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In the Romanian graveyard


'Have you been to the gay graveyard?'
WD Snodgrass Poet
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And so… I… and I came back often and worked on… on folk songs. And every time I came there, people would say to me, 'Have you been to the gay graveyard?' Now, gay didn't mean then what… what it means now. It meant lively, not comical exactly… but, you know, the old meaning of the word gay. As a matter of fact, I… I don't know what that name is in Romanian. I only know maybe three… three words of Romanian. But I… I would keep saying, 'no I… no why would I want to go to a graveyard.' I mean, you know, I've… I've seen graveyards. What… They’re dead. Yea… and… but finally, somebody asked me again, and I went.

You know, I had developed really… really pretty close… very close friends there. People are tremen… highly… highly literate and… and you know, at one time they had had a wonderful educational system, and… and there were some terrific poets, and I got to know them. And went… we went with a friend to go to this gay graveyard. Well, I was just stunned the minute I saw it. I thought, you know, I… I've got to… I've got to do something about this. The usual thing they have for a grave there is a plain cross of wood, and probably they carve on it the name of the person and dates, and that's about it. Well, there was a certain man who lived in a little village up in Transylvania. It's called Sãpânta. And his father had been killed in one of the wars. But when he grew up, he then inherited the job of grave carver. And he decided that that's just not enough. And… so what he did is, at the point where the two arms of the cross meet, and he made a much fancier cross than most of them did, with a little roof over it. And where… where the two arms of the cross meet, he would carve a scene out of this person's life. And he would… he would carve it in… in depth. Then he would paint that whole scene in brilliant colors. And then he'd go over the whole cross and decorate it in fancy patterns, usually in… developed from the… the patterns of embroidery. And you know, the peasants wore wonderful embroidered… I mean, the … the… I used to have a couple of these wonderful shirts that came down to here, and it was all embroidered all the way up and down, and… and… well, it was patterned like that. And then he painted the whole… the whole cross in these colors. And of course, this was a little village where the… the major thing was sheep herding. And of course, he knew everybody, so he knew all about their lives. And one of the things he said was, the trouble with… with my job as grave carver is that they all want a different kind of scene, but they've all had the same lives. Well, he knew the… he knew the minor details of their lives, and… and they… he manages to get them all in… into these little scenes. Then, he had been through only third grade, but he could write a couplet underneath there about them.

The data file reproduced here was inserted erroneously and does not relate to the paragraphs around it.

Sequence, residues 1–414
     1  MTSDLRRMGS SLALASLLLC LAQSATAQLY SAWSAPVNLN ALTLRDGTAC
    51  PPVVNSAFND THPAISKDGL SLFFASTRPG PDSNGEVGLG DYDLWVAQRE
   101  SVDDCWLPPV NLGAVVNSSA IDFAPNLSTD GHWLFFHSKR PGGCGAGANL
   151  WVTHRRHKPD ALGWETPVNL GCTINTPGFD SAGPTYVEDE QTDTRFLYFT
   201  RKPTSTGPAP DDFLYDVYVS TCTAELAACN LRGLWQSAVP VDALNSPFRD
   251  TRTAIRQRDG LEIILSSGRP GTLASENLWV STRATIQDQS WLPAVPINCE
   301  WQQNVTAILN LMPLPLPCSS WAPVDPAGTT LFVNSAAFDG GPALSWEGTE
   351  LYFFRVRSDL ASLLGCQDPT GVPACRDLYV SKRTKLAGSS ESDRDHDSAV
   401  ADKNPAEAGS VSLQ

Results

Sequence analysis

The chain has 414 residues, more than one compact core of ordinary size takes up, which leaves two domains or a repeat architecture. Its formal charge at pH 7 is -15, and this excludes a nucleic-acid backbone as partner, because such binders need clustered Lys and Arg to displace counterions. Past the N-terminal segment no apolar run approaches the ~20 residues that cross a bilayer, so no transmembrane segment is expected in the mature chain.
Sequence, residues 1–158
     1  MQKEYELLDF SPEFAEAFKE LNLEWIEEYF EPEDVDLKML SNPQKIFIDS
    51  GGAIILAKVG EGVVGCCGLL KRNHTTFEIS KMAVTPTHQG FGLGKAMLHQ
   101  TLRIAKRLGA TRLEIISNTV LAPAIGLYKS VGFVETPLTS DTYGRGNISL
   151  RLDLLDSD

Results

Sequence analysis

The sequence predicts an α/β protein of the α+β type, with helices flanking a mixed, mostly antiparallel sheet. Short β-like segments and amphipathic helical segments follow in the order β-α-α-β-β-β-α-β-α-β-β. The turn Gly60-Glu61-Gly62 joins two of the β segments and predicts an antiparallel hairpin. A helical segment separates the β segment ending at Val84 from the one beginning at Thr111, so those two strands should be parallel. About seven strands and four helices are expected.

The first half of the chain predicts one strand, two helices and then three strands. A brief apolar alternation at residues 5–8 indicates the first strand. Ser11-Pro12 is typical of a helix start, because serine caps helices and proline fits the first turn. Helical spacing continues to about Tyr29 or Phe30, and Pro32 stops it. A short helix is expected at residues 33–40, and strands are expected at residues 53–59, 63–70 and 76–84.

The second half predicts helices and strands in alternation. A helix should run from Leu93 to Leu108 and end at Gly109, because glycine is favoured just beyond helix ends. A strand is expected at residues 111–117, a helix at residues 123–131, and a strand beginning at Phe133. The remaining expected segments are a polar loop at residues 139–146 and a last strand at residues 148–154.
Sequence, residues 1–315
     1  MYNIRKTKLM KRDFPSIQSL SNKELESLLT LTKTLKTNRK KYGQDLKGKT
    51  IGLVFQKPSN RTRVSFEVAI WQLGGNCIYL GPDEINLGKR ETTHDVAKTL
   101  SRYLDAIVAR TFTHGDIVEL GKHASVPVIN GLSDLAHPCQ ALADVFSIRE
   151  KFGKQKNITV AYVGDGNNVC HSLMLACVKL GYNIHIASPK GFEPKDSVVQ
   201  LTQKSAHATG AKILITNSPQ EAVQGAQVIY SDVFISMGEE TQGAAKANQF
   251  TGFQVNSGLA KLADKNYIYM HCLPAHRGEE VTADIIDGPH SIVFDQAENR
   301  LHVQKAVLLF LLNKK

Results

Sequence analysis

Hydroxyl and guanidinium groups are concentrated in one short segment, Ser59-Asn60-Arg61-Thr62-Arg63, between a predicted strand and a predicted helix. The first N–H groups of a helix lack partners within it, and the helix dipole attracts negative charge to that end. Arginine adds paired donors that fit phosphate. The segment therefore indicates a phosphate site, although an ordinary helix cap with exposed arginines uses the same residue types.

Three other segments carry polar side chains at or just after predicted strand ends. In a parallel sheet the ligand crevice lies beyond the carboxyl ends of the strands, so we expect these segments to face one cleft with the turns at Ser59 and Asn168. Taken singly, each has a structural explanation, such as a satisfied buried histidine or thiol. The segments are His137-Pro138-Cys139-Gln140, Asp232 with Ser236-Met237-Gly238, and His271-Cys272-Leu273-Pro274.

Well, one day it… it hit him: if I can write a couplet, why not two couplets? Why not four? Why not six, eight? You know, and he would go clear down the cross telling about this person's life. Sometimes he goes over onto the back of the cross, and he goes on there. And he doesn't hold anything back. He tells it all as… as he see… as he saw it. It's like an illustrated Spoon River Anthology. Yeah. Everybody com… compares it to that. I think it's much better. Ah. And… because it doesn't have any of that kind of sentimentality about it. If he thinks you were a lout, he says so. If… if you were a layabout, or, you know, he will say that. In fact, one of the… one of the grave markers says: 'When I was young, I used to think that having good… good drinks and goo… easy women next… or good… good women… pretty women around me was everything'. Says: 'But now that I've got old and grey, they all hate me'. Anyway, and… and you can see three women at the side. I mean, he's sitting there with his little glass at the table, and three women are… are looking in the window and sticking out their tongues at him. And so that many of these… many of these scenes are really quite funny.

American poet WD Snodgrass, entered the world of poetry with a bang winning several awards, including the Pulitzer Prize, for his first collection of poetry, Heart's Needle. A backlash followed his controversial fifth anthology “The Fuehrer Bunker”, but in recent years these poems have been reassessed and their importance recognised.

Listeners: William B. Patrick

William B. Patrick is a writer and poet who lives in Troy, New York. Among his work are the poetry volumes "We Didn't Come Here for This" and "These Upraised Hands", the novel "Roxa: Voices of the Culver Family" and the plays "Rescue" and "Rachel's Dinner". His most recent work is the non-fiction book "Saving Troy", based on the year he spent following the Troy Fire Department.

Mr. Patrick has been Writer-in-Residence at the New York State Writers Institute and has taught at Old Dominion University, Onondaga Community College, and Salem State College, and workshops in Screenwriting and Playwriting at the Blue Ridge Writers Conference in Roanoke, Virginia. He has received grants from the Academy of American Poets, the National Endowment for the Arts, the Massachusetts Artists Foundation, and the Virginia Commission for the Arts.

Tags: Romania, Transylvania, Sãpânta, Spoon River Anthology, the Merry Cemetery

Duration: 5 minutes, 2 seconds

Date story recorded: August 2004

Date story went live: 24 January 2008